Since 1978, the cost of going to college has increased around four times faster than the rate of inflation. Even President Obama couldn’t ignore this dramatic rise. Earlier this year, he took a strong stance on the issue by threatening to withhold federal aid from colleges that weren’t a good value and raised tuition “too fast.”
Penn certainly comes at a good value even though it’s charging students $39,088 in tuition this academic year. Tuition only covers 70 percent of the direct cost of educating students. Direct cost. This doesn’t take into account the money the University spends on facilities and technology for students to enjoy. Think Penn Park, Huntsman Hall and Shoemaker Green — we didn’t have to pay a dime for these.
Penn provides an incredible education and should be charging more. At a minimum, tuition should be raised to cover the direct cost of education — but I think we need to go a step further. The University should double its tuition.
In fiscal year 2011, revenue from tuition and fees amounted to $747.4 million — about an eighth of the University’s operating revenue. Doubling tuition won’t double revenue since more students would become eligible for financial aid. But it’s safe to assume that annual revenue would increase by at least 50 percent or a cool $375 million.
Penn could use this money to grow its faculty, invest in new facilities, fund more graduate students and provide more funding for research.
In addition, the University could be more generous with its financial aid. Currently, admission is only need-blind for United States citizens and permanent residents. Doubling tuition would allow the University to do the same for international students.
Of course, this radical change will come at a cost, and students who currently pay full tuition will be affected disproportionally. Although some of these students would qualify for financial aid under Penn’s new price tag, it’s likely that talented students will be priced out of Penn and be forced to go elsewhere.
Students who are currently on financial aid, however, have nothing to worry about. They won’t be seeing any increase in their bills since the financial aid office determines how much their family contributes.
Some might think this idea goes too far, but students already keep price tags in mind when deciding between schools. By charging $39,088 a year, Penn is already more expensive than many comparable institutions. Every year, the University loses students to the top state schools with much lower tuitions.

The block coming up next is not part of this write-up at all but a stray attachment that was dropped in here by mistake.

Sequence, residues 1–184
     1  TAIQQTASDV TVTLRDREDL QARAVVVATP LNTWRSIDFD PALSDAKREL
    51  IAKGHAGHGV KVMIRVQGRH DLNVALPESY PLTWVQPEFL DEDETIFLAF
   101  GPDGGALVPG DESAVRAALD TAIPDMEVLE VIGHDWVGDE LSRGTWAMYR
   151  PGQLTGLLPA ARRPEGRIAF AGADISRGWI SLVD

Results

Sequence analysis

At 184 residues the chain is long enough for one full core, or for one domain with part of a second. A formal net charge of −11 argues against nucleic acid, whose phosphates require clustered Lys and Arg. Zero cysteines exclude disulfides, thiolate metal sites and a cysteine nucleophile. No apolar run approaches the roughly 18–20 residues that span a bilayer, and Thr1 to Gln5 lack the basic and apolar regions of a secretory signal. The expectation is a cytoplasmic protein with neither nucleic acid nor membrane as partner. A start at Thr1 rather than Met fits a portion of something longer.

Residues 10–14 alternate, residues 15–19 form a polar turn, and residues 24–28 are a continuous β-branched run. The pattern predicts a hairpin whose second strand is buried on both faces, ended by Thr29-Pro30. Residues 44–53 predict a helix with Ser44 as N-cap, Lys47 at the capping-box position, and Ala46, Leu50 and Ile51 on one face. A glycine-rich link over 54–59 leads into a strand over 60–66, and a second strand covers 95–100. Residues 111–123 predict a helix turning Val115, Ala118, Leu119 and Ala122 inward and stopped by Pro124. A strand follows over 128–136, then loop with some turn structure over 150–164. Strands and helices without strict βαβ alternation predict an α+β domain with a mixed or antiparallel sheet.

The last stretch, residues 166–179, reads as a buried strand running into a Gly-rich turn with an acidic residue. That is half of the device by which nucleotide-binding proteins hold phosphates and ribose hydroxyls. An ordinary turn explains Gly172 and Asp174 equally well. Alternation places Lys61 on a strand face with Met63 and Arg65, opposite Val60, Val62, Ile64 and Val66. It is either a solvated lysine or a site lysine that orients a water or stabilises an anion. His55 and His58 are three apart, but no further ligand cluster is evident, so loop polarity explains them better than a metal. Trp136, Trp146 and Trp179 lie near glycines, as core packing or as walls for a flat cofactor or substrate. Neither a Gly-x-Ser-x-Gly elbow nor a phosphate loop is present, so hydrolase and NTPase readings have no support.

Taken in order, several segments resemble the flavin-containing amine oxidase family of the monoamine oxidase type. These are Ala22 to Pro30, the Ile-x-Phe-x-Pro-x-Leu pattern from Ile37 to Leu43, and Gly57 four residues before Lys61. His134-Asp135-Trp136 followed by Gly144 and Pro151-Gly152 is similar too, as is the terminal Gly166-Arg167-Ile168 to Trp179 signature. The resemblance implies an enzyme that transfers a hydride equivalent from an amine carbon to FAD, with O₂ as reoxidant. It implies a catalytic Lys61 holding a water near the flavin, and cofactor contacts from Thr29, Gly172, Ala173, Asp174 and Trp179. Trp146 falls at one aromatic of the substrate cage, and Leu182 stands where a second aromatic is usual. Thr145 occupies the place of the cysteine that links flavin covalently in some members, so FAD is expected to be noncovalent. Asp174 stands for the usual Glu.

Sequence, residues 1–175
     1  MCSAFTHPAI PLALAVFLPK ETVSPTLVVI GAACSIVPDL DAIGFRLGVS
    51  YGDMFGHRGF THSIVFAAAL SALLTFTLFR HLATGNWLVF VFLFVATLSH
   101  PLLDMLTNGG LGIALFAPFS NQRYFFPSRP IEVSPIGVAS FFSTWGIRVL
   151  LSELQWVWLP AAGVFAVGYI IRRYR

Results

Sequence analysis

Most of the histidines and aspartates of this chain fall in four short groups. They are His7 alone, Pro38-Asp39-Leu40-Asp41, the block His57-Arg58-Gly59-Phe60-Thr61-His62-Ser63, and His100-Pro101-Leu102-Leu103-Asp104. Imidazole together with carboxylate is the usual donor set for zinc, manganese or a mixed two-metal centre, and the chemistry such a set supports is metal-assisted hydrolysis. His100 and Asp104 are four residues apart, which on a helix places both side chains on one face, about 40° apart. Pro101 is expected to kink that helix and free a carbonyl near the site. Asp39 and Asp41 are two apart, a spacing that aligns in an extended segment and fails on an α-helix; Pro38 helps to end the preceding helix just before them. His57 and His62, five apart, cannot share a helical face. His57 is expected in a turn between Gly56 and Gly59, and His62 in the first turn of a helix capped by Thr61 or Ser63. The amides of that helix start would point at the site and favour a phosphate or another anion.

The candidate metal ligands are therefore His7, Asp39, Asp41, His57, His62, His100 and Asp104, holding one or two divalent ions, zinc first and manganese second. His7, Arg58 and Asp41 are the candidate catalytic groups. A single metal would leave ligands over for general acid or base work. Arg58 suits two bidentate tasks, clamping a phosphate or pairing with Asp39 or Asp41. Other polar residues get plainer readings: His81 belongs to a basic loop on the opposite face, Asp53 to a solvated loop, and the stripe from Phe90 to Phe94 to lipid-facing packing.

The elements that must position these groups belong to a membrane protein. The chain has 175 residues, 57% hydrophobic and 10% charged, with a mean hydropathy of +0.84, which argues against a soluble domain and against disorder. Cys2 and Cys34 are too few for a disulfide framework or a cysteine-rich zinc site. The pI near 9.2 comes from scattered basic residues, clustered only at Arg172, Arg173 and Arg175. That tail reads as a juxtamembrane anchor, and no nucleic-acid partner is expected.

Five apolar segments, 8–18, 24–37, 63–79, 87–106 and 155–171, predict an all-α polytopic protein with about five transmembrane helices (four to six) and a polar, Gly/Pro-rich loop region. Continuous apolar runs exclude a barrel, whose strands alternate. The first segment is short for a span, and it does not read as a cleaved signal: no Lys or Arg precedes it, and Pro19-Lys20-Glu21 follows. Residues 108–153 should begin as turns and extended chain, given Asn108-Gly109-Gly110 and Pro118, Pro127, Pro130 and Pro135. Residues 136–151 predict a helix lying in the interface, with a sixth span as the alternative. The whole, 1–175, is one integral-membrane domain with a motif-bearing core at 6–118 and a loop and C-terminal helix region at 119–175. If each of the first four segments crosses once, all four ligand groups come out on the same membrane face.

When I was deciding where to go as an undergrad, for example, I chose to attend the University of Virginia instead of Duke University or Johns Hopkins University because I didn’t think it was worth paying an extra $100,000 over four years.
Doubling tuition will definitely be hugely unpopular, but it’s still worth considering. In 2002, while I was studying abroad at Cambridge University, tens of thousands of students took to London’s streets to protest government proposals that would triple tuition by raising it from 1,000 to 3,000 pounds.
In order to find out how a hypothetical increase in tuition might play out at Penn, I contacted Student Financial Services and the Office of Admissions. I got the run around — administrators I spoke to at each office referred me to the other for an answer.
Maybe you think I want to soak the rich. Nothing could be further from the truth. Just think: if Apple took a 30 percent loss on every iPhone it sold, would it be soaking the rich if it doubled its price?
Students who pay full tuition aren’t wild about my idea. Virtually everyone in this situation who I’ve proposed my idea to in the last two weeks has indicated that they don’t think it’s “fair.” But, at the same time, is it “fair” that they were born into a family in the top five percent of the income distribution?
“Sticker shock” — a problem that Penn is already worried about — could get worse. Low-income students, who would theoretically qualify for financial aid, may be deterred from applying. Admissions and SFS have tried to combat this by informing “prospective students and families of Penn’s generous financial aid program,” Marlene Bruno, the director of Communications at SFS, explained to me in an email. However, it’s unclear how effective these efforts are.
Penn is not a business, but it is leaving money on the table — money that could be used to enrich academics and expand access. So let’s double down.
Kurt Mitman is a 6th-year doctoral student from McLean, Va. His email address is email@example.com. Follow him @SorryToBeKurt. “Sorry To Be Kurt” appears every other Thursday.
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